Doug Zimmerman was elected Homecoming King during his time as a student and is overflowing with praise for his alma mater a half-century later.

“I loved everything about my four years at ASU,” he said. “I have a degree from one of the most highly rated universities in the country.”

During his student career, he was a member of Phi Sigma Kappa fraternity and a brigade commander in Army ROTC. He also belonged to the Blue Key Honor Society. After graduating with a degree in business administration, Zimmerman participated in two years of active military duty in Vietnam in the U.S. Army, earning three Bronze Stars, a Purple Heart and a Cross of Gallantry with a Silver Star. Later, he became a practicing attorney focusing on real estate, commercial litigation and eminent domain.

Zimmerman has remained connected to ASU over the years, serving on the ASU Alumni Association board of directors from 1979-1993 and chairing the group from 1986-1987. Several years ago, he became a co-founder of the Alumni Association’s Veterans chapter.

Two of Zimmerman’s brothers also attended ASU, as have two nephews. He says that he is looking forward to seeing old friends at the upcoming reunion.

Judith Drage Logan ’64 B.A.E.

When Judith Drage Logan participates in ASU’s Spring Commencement with the other Golden Reunion attendees, it will be a first for her. Logan married husband Ed in January 1964 and was away from Arizona during her own commencement.

“I’m looking forward to participating in the graduation ceremony – gown and all,” she said. “By the time of my graduation, Ed and I were married and he was stationed in Okinawa with the Air Force.”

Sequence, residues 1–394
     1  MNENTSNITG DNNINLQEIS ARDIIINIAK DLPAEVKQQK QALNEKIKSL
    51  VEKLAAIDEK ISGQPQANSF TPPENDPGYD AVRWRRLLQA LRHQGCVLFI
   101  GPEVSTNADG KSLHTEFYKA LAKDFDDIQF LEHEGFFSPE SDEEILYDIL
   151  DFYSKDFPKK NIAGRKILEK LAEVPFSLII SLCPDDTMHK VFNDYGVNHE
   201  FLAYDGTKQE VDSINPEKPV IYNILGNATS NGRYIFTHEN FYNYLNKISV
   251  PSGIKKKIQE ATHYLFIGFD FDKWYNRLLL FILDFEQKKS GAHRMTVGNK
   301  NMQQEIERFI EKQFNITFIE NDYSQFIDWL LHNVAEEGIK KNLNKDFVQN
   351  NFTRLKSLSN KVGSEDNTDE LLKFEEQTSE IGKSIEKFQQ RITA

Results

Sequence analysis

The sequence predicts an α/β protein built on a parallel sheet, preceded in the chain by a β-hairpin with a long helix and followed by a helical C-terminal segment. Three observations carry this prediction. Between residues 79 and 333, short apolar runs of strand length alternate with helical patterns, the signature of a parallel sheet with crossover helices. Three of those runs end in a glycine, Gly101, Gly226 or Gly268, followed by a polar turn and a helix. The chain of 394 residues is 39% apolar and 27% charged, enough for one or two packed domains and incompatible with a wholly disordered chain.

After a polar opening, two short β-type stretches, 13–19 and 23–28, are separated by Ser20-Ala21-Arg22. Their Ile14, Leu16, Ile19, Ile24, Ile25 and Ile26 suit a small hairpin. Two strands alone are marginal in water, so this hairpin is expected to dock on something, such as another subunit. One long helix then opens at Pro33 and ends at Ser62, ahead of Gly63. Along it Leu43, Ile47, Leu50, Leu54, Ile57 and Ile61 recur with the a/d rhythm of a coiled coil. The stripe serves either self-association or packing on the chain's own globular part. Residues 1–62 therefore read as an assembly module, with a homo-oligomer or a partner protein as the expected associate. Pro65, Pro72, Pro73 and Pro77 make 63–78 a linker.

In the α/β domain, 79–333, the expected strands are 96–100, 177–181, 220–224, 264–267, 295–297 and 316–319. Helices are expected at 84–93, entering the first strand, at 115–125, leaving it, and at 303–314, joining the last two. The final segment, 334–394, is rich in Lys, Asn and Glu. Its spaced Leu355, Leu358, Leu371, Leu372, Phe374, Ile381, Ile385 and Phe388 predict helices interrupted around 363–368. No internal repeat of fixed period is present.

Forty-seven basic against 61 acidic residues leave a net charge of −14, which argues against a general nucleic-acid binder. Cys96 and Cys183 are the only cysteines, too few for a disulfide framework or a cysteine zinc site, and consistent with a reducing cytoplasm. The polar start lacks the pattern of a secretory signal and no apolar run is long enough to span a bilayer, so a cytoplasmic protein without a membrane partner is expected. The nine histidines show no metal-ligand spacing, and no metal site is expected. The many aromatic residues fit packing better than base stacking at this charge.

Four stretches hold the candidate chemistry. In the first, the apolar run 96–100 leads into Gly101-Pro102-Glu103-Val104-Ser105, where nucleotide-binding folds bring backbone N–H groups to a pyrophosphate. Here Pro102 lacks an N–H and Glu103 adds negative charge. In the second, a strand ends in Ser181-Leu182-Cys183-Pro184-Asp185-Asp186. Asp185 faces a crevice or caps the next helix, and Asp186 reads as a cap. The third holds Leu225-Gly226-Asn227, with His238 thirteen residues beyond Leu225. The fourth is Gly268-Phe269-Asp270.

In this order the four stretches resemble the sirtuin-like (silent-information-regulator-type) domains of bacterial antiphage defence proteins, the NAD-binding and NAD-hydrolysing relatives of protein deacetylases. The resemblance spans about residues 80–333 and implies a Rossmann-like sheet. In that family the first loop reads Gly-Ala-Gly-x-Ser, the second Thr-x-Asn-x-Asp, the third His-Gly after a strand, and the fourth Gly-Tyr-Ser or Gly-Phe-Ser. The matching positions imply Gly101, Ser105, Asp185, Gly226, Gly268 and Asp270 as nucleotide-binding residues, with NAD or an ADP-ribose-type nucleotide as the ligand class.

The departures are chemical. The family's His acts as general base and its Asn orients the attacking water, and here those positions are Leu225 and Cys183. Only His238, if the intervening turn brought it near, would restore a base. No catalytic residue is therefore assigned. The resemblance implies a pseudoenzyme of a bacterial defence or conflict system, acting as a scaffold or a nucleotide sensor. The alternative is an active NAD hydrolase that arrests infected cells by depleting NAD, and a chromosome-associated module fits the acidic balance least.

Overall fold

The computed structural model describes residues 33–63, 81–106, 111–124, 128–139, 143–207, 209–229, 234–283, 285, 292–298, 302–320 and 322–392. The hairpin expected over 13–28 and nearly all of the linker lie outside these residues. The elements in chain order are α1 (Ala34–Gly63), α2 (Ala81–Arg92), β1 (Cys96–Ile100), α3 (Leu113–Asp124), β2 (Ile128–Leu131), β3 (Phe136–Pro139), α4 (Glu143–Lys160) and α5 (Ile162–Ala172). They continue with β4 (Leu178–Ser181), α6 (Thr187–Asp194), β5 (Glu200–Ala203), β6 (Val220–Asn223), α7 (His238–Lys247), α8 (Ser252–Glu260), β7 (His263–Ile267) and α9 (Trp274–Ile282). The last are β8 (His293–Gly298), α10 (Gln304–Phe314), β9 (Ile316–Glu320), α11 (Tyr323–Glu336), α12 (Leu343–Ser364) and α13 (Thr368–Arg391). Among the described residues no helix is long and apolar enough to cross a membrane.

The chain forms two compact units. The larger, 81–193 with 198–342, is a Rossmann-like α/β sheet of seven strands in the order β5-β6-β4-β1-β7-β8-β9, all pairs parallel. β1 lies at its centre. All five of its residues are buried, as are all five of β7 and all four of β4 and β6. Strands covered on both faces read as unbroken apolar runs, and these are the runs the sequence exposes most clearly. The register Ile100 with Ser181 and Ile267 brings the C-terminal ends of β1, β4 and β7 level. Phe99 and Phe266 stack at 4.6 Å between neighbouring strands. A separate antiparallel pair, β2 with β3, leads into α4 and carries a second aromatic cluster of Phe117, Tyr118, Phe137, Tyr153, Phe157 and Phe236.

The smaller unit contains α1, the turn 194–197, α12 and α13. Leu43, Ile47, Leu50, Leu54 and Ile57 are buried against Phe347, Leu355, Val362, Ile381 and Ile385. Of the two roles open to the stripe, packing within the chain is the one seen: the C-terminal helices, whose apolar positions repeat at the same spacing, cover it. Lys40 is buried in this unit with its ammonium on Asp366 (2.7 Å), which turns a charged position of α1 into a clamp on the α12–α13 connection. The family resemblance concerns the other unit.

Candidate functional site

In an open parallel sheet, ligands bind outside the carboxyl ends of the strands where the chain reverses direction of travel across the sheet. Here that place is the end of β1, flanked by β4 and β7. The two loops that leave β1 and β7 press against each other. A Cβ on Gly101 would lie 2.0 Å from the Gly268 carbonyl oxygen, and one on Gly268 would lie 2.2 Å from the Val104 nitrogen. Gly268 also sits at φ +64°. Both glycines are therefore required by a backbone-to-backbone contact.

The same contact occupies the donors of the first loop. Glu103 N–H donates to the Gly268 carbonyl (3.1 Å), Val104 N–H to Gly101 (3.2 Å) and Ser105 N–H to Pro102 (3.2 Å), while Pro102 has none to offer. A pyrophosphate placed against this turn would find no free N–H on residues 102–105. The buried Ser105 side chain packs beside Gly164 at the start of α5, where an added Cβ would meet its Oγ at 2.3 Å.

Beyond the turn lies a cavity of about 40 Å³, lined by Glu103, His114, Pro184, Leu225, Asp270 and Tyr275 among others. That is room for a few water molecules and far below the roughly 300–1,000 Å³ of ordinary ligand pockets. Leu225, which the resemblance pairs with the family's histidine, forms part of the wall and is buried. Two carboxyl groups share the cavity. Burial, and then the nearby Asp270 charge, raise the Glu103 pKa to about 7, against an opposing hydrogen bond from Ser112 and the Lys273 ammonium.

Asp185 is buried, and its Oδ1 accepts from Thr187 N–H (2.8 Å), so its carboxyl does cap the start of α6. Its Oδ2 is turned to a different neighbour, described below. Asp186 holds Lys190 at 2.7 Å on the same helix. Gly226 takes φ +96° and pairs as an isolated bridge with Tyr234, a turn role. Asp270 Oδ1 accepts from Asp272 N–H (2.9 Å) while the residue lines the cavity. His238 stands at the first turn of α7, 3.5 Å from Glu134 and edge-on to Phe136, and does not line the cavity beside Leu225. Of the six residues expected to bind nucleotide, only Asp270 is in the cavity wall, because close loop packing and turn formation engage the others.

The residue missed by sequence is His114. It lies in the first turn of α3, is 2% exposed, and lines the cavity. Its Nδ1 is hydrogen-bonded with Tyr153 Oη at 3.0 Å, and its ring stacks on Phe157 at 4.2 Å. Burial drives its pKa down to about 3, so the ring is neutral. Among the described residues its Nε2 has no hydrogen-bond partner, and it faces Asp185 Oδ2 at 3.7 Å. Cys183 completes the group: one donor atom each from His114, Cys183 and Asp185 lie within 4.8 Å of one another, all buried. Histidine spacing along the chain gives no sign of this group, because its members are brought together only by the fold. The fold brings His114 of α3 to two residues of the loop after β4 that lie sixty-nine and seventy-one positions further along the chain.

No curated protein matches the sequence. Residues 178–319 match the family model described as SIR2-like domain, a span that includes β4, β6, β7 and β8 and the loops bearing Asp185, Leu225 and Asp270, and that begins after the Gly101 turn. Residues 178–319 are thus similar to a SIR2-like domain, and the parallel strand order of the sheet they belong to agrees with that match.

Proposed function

During her years on campus, Logan was a member of Kappa Delta sorority and was an officer in the Angel Flight organization. She was also a Golden Heart of Sigma Phi Epsilon member. She was a teacher for more than 40 years after obtaining her degree, teaching in five U.S. states, a U.S. Department of Defense school and an international school in Seoul, South Korea. In Arizona, she designed and taught an interdisciplinary program for gifted students in the elementary and middle school grades.

Logan’s middle daughter, Lori Logan Bennett, attended ASU. Her granddaughter (and Lori’s daughter) Audrey Bennett is a junior majoring in education, and another grandchild plans to attend ASU this fall.

Logan says, “ASU was just the beginning for me as a life-long learner and a life-long supporter of education. I was well prepared for my career.”

Daryl Winn ’64 B.S.

Winn graduated from Arizona State University with a degree in accounting. While he was at the university, he was student body president of the Associated Students of ASU, president of Theta Delta Chi fraternity, president of SOPHOS (the sophomore service society), on the executive council of the Inter-Fraternity Council and a member of the freshman golf team.

After graduation, Winn obtained his doctoral degree from the University of Michigan and became a professor in the Leeds School of Business at the University of Colorado, Boulder. He taught for several executive MBA programs during his tenure and continues to teach in an executive health administration MBA program. He also has evaluated 600 golf courses for Golf Digest Magazine.